I’m reading a novel right now, The Summer Kitchen by Karen Weinreb. The book, about a wealthy family’s “loss of wealth and prominence,” contains a description that I really identified with: A section about why some of the smart, talented women of the heroine’s town stopped working once they had children. These women, you see, were in love with playdates.
“Each felt that there was no place in the world she would rather be. These gatherings were addictive that way, and once addicted, there was no way a woman of Bedford would contemplate going back to work and missing all this midweek fun.” This passage touched me because, even though I still worked full-time when my first daughter was born, the bulk of that work was done at night so I could partake in the playdate world. Back then, I worked one entire day — Tuesday — doing all my interviews on that day as well as during naptime, and when my late afternoon sitter came. The mornings and early afternoon, however, were all about mommy time.
I met my core group of mommies at Gymboree. Our babies were between two- and six-months-old. I threw the first playdate, and set up the first schedule. Everyone took a turn, and the group continued to grow, our fun drawing more and more people into our circle. I was in heaven. Yes, the playdates were supposed to be for the babies, but in the beginning we didn’t even pretend that they were. For example, we made lunches a part of our habit before the kids could gum teething biscuits. Meanwhile, the spreads usually contained bagels, pizza, salads, and sweets. (There was a reason I gained a little baby weight not before but after I gave birth!) We hit Nordstroms. We went to White Post Farms. We went to parks and libraries and bagel stores.
While everyone loved the playdates, they were especially important and meaningful for me. Awkward and shy in high school, I didn’t feel comfortable in my skin until college. As a mom, I hit my stride. Meeting and greeting quickly became a favorite activity. I “picked up” wherever I went. We had something going on every single day. So much so that I spent many nights burning the midnight (or more likely the 3 a.m.) oil making up for my fun daytime activities. Today, there are 11 of us who still get together once a month for potluck dinners where we chat and eat. Sort of like our early playdates minus the kids, and plus a couple of bottles of wine.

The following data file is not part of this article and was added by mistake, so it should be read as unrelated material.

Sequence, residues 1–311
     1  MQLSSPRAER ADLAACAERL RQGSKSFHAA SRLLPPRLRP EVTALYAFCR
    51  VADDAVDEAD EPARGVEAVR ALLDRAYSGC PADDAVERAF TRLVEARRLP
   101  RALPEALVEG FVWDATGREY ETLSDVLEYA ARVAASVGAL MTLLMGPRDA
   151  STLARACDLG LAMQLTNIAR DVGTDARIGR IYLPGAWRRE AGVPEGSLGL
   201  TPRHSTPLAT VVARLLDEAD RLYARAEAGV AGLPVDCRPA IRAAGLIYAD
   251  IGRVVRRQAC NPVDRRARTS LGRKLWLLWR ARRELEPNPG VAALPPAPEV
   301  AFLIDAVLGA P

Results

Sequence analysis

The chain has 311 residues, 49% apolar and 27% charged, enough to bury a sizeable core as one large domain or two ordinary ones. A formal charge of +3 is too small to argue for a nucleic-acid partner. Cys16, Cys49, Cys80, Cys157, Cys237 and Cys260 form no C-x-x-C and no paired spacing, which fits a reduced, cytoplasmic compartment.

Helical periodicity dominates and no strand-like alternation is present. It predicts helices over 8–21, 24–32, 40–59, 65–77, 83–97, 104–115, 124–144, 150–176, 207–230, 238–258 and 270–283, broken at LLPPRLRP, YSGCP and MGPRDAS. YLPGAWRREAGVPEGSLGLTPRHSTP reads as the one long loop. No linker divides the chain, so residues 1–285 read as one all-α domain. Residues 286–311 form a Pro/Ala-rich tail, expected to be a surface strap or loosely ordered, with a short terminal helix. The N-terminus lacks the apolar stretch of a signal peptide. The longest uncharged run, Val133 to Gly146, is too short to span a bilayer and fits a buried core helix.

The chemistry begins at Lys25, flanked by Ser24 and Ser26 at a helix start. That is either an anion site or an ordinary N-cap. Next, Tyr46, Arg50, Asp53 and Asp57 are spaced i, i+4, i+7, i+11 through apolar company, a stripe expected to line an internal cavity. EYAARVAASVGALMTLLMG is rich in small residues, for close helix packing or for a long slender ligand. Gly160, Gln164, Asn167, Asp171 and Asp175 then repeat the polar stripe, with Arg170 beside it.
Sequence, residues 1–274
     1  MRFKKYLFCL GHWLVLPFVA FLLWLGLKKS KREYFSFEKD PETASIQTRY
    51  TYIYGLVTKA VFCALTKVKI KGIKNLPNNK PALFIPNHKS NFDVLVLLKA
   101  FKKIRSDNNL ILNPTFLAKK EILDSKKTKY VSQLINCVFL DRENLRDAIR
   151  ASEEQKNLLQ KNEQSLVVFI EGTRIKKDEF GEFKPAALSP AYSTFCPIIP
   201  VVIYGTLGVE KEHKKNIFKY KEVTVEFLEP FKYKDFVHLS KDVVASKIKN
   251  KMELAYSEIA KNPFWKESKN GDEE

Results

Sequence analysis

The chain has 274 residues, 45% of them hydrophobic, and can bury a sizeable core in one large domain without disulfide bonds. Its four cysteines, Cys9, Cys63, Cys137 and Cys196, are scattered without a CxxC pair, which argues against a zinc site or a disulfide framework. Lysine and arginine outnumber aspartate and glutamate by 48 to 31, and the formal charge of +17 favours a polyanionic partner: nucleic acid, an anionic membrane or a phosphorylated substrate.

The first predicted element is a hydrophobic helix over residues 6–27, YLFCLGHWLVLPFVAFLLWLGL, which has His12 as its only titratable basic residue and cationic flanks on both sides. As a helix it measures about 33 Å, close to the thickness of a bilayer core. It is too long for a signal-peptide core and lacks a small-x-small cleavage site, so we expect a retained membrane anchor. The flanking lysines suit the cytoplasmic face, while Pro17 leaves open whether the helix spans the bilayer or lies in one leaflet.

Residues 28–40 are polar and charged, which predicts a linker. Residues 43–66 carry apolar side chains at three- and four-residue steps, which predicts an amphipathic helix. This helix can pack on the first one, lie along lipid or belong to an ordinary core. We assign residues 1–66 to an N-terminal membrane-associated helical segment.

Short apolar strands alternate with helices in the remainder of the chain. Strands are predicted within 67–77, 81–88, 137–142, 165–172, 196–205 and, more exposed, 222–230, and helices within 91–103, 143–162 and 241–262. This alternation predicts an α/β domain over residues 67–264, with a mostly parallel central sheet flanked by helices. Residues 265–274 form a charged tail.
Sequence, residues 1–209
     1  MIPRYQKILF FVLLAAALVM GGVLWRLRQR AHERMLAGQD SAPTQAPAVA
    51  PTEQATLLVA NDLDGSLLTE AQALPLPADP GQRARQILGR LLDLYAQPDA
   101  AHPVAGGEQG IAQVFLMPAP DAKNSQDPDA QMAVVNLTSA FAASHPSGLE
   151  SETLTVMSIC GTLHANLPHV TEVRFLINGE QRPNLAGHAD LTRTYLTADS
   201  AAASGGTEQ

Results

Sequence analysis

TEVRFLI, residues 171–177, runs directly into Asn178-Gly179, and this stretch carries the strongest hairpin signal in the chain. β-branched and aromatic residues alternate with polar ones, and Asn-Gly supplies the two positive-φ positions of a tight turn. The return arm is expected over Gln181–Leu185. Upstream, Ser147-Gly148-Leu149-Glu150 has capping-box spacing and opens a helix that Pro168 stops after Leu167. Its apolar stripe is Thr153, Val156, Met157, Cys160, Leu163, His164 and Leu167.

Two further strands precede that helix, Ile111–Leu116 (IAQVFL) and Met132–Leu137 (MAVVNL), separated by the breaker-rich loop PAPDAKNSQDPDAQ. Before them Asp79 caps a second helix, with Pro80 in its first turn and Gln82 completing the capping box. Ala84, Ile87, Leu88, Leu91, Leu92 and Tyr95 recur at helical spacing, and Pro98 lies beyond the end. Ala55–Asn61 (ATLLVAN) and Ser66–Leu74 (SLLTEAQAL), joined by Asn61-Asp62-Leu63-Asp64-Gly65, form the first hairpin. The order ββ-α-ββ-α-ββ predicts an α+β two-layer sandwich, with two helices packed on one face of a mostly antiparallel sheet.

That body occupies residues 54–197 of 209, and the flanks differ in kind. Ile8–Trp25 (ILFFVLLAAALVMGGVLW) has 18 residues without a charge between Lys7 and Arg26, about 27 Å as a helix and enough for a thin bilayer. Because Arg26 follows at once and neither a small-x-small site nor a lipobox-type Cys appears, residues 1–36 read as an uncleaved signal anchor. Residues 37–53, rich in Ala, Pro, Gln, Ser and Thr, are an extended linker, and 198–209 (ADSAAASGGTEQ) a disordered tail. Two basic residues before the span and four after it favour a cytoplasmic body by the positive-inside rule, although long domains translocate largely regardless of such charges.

When I had Little Girl, my sweet second child, I assumed that I would get another chance at playdates, and yet we seldom do much with other moms. Things have changed. I’m editing a lot more. I’m working a lot more. Much of the work has to be done during the day. I’m needed. I am not complaining. I love what I do, but I worry that Little Girl is missing out. And I miss what was — those amazing playdates where the babies first crawled and then ran around, and the moms chatted and ate. Facebook makes my transition even more bittersweet because I read about other moms having playdates, and I see the photos. Sometimes I ache inside wondering if I’m making the right decision for me and my daughter. Sure, I still see friends at night, but it’s not the same. Playdates, so innocent, so sweet, bind women together in a way that dance classes or book clubs sometimes don’t. Playdates create a family bond — one that goes on even when the kids are too old to get together anymore.
Today we had Little Gym. (I figure everyone in corporate America takes a lunch break. Mine involves a cute little girl.) After class I overheard two moms discussing the next session. They were talking about signing up together; keeping their girls in the same class. I mustered up my courage and asked which class they were considering. I got even braver, saying I’d like to take the class with them, too. “Our girls are all around the same age,” I explained. After all, it’s always nice to keep your options open.
(Coming tomorrow: Playdate Dos and Don’ts)